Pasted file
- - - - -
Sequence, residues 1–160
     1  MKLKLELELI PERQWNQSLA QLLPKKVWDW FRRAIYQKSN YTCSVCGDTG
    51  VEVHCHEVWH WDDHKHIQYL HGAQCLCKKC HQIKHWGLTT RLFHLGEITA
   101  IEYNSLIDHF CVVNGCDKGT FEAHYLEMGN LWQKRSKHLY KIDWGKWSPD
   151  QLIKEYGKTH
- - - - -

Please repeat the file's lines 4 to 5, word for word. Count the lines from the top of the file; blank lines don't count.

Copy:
   101  IEYNSLIDHF CVVNGCDKGT FEAHYLEMGN LWQKRSKHLY KIDWGKWSPD
   151  QLIKEYGKTH